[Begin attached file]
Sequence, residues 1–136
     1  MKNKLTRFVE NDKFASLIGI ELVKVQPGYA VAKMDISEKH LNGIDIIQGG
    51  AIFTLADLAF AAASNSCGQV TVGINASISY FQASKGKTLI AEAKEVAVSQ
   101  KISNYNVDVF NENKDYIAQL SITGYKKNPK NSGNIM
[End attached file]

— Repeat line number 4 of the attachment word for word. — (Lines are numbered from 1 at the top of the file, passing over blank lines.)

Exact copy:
   101  KISNYNVDVF NENKDYIAQL SITGYKKNPK NSGNIM